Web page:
THE DAY REPLAYED - Morocco and Italy turned up the heat with an extra-time goal-feast that went to penalties in Utrecht, while pre-tournament favourites and holders Brazil took their time getting going against Germany, before nicking it in extra-time in Tilburg.
Italy twice came from behind but still failed to muster enough of their trademark grit and graft to master a lively Moroccan outfit in the first quarter-final of the FIFA World Youth Championship Netherlands 2005. With the Galgenwaard Stadium looking more Casablanca than Utrecht, the throngs of Moroccan fans in attendance were sent into fits of ecstasy when the impressive Mouhssine Iajour crossed dangerously from the left for Nabil El Zhar, who poked home off the underside of the crossbar mid-way through the first half.
The first-ever meeting between the two nations at a FIFA finals proved a bruising affair with 72 fouls, 13 cautions and one sending off. And when Michele Canini rose highest to head the equaliser with a quarter-hour of regular time to go, it looked like the Europeans were going to pull off a late smash-and-grab.
But Canini quickly went from hero to goat, when - six minutes into a thrill-a-minute extra time - he received his marching orders for a second cautionable offence. The North Africans pounced on their numerical superiority, taking the edge again thanks to the poor luck of own-goal villain Francesco Battaglia.
Once more, though, the Italians did their forbearers proud when towering striker Graziano Pelle - whistled with every touch by the seemingly all-Moroccan crowd - stretched out on the doorstep to head Lino Marzoratti's cross home with just minutes left on the clock.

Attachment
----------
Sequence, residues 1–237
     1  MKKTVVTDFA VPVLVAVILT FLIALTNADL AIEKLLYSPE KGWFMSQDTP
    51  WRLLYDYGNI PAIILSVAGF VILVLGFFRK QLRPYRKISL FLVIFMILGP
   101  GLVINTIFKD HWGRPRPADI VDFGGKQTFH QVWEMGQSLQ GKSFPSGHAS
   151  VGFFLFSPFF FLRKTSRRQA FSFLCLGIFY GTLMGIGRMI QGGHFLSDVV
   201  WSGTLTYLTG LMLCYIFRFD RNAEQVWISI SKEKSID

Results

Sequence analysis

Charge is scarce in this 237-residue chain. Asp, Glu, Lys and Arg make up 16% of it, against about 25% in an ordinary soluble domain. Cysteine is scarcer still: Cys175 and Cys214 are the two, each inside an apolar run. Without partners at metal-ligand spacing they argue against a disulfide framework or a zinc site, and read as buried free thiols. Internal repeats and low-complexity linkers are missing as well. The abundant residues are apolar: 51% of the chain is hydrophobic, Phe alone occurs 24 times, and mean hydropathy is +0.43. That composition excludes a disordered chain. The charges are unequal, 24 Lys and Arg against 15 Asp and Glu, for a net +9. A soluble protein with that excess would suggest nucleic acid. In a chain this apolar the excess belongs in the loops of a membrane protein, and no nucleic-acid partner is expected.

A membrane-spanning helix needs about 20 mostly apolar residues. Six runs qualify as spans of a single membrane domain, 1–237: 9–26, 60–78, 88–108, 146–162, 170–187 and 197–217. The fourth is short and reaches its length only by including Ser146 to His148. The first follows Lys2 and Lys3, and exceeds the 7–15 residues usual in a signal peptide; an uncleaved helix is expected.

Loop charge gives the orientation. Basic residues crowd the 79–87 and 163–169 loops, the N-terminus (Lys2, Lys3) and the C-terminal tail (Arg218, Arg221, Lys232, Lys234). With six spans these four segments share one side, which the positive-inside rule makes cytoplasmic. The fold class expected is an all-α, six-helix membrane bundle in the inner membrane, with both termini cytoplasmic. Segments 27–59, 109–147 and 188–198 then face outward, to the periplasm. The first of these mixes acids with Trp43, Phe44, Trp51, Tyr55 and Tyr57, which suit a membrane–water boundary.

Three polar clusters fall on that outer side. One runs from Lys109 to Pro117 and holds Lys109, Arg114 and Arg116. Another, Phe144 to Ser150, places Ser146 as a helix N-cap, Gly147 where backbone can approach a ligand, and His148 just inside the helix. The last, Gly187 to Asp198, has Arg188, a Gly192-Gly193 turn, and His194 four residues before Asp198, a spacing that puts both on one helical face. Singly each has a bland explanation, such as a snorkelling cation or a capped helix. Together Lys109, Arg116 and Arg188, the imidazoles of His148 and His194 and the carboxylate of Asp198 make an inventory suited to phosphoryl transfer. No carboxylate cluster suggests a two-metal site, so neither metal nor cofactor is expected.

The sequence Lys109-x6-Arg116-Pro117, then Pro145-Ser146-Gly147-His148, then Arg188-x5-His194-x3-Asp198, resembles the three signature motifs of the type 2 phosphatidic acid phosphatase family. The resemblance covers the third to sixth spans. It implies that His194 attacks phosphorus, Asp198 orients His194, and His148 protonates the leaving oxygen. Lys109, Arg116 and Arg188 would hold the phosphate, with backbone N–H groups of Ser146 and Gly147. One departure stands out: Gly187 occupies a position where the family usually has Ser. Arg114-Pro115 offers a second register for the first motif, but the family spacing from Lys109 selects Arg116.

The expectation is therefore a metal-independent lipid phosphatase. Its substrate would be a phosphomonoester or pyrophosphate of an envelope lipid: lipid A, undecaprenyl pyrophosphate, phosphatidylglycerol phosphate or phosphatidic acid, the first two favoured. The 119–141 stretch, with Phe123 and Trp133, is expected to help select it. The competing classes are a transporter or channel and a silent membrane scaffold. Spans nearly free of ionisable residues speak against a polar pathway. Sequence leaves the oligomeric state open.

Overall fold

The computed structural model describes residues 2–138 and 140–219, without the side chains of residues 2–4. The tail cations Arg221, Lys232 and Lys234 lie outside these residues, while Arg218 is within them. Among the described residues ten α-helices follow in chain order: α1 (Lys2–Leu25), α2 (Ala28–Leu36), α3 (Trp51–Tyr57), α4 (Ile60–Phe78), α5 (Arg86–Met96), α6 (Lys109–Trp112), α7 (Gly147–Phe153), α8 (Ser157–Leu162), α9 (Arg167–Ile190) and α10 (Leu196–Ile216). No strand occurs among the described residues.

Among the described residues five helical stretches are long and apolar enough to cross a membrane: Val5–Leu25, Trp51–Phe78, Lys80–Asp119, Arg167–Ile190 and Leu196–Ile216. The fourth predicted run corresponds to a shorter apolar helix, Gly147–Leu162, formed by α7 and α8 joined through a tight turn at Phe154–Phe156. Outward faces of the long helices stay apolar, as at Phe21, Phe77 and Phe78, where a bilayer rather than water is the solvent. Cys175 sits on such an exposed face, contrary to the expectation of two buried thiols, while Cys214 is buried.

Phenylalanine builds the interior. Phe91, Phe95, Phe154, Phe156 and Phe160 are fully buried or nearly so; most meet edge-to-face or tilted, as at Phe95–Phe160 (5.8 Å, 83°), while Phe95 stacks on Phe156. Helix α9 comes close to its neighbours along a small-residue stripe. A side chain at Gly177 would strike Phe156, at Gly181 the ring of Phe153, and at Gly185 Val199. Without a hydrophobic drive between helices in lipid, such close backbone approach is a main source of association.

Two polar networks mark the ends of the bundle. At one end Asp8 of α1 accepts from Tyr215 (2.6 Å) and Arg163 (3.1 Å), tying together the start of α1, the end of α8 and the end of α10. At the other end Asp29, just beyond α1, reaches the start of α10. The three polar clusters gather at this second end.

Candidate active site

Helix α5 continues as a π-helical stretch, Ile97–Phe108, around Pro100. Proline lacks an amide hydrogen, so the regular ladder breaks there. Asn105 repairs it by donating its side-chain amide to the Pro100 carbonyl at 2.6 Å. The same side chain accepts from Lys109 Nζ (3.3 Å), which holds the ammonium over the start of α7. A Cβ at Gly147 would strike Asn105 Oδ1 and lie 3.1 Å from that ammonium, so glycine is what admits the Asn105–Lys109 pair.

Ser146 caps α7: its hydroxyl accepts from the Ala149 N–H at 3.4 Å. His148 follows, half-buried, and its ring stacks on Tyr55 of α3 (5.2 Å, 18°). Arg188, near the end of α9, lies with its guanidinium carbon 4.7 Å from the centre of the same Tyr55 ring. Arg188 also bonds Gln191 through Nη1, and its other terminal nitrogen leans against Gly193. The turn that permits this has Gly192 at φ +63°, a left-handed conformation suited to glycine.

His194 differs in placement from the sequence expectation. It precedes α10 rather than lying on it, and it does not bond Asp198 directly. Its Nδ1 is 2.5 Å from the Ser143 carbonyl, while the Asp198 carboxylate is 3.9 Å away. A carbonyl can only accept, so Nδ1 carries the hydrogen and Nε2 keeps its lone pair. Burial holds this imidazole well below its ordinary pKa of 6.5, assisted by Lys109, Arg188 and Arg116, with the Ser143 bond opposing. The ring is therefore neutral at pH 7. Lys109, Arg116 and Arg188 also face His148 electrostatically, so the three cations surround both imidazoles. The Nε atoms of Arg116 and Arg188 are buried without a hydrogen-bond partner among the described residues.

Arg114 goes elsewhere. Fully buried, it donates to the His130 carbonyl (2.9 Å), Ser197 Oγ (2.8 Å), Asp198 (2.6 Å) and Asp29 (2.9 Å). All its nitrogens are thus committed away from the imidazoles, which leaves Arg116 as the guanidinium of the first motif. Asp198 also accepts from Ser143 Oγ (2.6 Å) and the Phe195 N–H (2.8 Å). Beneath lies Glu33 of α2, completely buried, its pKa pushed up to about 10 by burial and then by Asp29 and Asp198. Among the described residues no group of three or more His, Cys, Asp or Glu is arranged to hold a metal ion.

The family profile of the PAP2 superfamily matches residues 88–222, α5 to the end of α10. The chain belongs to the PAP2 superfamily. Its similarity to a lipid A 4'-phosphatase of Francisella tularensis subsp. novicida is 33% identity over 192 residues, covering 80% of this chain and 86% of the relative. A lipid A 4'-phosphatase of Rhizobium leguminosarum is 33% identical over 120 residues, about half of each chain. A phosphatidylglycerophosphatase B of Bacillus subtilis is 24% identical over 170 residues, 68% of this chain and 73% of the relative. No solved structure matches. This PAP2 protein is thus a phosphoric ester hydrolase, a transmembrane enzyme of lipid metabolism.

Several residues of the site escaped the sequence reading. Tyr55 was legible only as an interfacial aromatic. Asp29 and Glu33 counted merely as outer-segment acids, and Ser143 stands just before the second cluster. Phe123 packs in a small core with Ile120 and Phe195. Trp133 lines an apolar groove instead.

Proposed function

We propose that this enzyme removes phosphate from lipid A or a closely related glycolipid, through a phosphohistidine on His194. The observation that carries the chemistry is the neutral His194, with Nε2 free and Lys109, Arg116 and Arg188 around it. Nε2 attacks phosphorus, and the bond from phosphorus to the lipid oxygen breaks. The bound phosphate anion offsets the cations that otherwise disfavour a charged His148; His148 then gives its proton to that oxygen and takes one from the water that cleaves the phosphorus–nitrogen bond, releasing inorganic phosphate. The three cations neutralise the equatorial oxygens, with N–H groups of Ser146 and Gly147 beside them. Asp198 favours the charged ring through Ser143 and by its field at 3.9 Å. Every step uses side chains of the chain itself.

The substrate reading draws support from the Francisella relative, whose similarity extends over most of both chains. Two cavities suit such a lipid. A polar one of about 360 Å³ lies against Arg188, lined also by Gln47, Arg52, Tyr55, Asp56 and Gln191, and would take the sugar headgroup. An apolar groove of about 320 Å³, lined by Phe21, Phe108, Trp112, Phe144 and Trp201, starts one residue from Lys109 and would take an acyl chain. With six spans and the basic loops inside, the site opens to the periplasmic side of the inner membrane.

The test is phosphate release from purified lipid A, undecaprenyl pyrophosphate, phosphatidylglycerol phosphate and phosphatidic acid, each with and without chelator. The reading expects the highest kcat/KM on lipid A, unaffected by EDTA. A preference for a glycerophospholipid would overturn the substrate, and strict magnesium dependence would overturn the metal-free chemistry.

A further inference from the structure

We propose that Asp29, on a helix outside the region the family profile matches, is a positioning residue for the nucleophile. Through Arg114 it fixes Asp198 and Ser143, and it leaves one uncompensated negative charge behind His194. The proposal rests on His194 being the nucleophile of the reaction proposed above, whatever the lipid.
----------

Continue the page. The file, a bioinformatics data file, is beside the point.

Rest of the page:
Moroccan keeper Mohammed Bourkade came up with two fine saves in the resulting shootout - as he had done with a twice-taken penalty in regular time - to send the North Africans through to the semi-finals.
As Morocco's army of ever-lively fans began to plan their trek to Kerkrade where their heroes will take on either the hosts or Nigeria, Brazilian supporters were dancing up a sumptuous samba in Tilburg ahead of their clash with resolute, if previously uninspired, Germany.
The real Brazil stands up…late
After both teams' captains read a statement denouncing racism in football in honour of FIFA's Anti-Discrimination Day , the match took a long time indeed before springing to life.
Brazil had the edge in a patient first forty-five, but never really threatened as it is becoming painfully clear that the holders lack a clinical goal-getter. But desperate to keep their trophy safely at home in Rio, the South Americans soldiered on with a strange, uncommon lack of fluidity.
And in what seemed a fitting end to an ugly match, some slack marking from the Brazilians allowed Alexander Huber to slap the ball off his knee and into the net in minute 67. Bouncing against the back of a defender, the 'shot' hardly had enough steam to cross the line as it bobbled, almost apologetically, into the net.
But in minute 82 a workman-like, unspectacular Brazil finally answered the carioca call. Edcarlos' bicycle kick splattered off the bar and Diego Tardelli followed up to nod the rebound home.
With all the momentum in the dying minutes, Brazil should have iced the affair. But as they finally began to play with some style at these finals, extra-time was again required.
Eight minutes into the first period, Rafael sprang from nowhere to hammer home for a spot in the semi-finals. The holders' finishing woes were well on display for the remainder of extra-time and could well cost mighty Brazil in her upcoming semi-final with either Spain or archrivals Argentina.